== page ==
Jane Remfert has successfully completed the necessary steps to proceed to Doctoral Candidate by completing her written and oral defense and submitting her research proposal. Thank you to Drs. Eckert, Gough, Johnson, and Keyghobadi for their insightful comments and expertise in helping to shape a dynamic and exciting research project.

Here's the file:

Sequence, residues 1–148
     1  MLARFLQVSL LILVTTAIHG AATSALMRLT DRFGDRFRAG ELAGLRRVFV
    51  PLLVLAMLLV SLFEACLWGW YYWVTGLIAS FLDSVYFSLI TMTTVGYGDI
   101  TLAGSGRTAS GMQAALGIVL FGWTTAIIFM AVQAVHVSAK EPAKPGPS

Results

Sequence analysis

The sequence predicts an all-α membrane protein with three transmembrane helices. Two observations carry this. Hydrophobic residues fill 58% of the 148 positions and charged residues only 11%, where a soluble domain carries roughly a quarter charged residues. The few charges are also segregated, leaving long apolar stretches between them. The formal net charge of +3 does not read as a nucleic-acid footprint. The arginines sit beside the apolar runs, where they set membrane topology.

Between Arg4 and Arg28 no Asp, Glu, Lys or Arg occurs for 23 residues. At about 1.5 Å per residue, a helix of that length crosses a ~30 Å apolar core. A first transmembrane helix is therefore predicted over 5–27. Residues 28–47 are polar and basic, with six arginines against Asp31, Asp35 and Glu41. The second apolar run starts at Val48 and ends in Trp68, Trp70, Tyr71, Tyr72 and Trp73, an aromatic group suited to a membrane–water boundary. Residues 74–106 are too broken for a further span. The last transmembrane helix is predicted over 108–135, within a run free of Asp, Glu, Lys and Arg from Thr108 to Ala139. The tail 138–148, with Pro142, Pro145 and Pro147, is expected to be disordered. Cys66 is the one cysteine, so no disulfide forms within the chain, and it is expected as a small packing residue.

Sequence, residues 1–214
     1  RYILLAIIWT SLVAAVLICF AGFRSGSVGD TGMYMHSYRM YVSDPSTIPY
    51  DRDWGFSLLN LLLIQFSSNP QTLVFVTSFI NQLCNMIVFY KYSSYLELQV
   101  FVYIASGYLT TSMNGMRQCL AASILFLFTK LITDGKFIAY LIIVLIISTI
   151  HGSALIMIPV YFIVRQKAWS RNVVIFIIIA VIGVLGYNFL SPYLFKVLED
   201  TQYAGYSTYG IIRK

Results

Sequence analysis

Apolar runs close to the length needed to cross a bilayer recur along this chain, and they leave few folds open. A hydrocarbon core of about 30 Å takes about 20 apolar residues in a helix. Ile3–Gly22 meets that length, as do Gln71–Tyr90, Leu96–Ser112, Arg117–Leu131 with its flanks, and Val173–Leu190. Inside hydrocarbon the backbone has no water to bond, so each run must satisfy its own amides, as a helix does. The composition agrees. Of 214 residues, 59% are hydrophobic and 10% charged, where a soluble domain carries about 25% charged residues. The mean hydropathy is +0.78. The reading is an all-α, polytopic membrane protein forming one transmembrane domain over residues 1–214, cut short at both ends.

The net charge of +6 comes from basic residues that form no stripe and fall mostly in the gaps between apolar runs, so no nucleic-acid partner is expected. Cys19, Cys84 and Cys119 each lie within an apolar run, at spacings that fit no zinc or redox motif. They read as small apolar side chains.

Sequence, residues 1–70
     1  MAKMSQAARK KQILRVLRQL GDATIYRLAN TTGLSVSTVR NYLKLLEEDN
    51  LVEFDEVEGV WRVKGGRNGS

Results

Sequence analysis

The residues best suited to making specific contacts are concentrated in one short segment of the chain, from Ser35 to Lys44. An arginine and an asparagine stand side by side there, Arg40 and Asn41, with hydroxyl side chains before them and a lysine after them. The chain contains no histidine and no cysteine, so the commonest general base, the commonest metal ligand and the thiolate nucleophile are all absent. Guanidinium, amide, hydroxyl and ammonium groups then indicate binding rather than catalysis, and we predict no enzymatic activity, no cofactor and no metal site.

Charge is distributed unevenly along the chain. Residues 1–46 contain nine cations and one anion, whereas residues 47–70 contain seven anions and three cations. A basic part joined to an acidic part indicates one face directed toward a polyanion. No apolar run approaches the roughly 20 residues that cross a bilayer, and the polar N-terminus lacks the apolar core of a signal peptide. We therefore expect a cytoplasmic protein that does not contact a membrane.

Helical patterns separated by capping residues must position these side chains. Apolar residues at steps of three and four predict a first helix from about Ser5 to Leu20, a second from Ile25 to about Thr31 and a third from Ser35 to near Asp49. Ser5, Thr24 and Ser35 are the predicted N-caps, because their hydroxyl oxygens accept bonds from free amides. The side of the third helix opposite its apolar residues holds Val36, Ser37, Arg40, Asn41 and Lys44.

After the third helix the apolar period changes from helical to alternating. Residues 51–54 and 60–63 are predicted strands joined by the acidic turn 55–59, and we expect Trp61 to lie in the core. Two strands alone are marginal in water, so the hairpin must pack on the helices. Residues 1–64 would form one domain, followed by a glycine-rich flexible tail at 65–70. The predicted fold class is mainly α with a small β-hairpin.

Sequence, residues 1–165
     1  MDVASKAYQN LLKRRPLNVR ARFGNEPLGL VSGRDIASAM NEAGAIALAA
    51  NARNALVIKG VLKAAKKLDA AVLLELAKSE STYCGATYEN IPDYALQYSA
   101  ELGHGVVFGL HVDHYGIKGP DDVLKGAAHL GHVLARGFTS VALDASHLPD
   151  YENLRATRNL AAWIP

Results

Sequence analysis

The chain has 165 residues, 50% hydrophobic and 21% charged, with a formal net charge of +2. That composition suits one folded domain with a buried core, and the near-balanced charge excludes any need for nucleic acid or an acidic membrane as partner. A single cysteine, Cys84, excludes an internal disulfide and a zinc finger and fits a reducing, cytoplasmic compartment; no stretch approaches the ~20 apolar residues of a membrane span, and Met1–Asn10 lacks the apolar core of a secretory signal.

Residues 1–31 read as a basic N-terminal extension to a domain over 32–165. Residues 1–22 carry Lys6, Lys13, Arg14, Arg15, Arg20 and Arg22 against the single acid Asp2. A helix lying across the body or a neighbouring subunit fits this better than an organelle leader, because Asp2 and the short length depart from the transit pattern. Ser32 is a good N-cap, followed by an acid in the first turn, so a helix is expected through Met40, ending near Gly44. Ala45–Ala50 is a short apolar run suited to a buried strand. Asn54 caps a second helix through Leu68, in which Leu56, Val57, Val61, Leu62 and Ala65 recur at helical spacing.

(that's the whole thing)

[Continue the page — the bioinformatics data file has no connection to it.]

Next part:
Pollen-mediated gene flow is a major driver of spatial genetic structure in plant populations. Both individual plant characteristics and site-specific features of the landscape can modify the perceived attractiveness of plants to their pollinators and thus play an important role in shaping spatial genetic variation. Most studies of landscape-level genetic connectivity in plants have focused on the effects of interindividual distance using spatial and increasingly ecological separation, yet have not incorporated individual plant characteristics or other at-site ecological variables. Using spatially explicit simulations, we first tested the extent to which the inclusion of at-site variables influencing local pollination success improved the statistical characterization of genetic connectivity based upon examination of pollen pool genetic structure. The addition of at-site characteristics provided better models than those that only considered interindividual spatial distance (e.g. IBD). Models parameterized using conditional genetic covariance (e.g. population graphs) also outperformed those assuming panmixia. In a natural population of Cornus florida L. (Cornaceae), we showed that the addition of at-site characteristics (clumping of primary canopy opening above each maternal tree and maternal tree floral output) provided significantly better models describing gene flow than models including only between-site spatial (IBD) and ecological (isolation by resistance) variables. Overall, our results show that including interindividual and local ecological variation greatly aids in characterizing landscape-level measures of contemporary gene flow.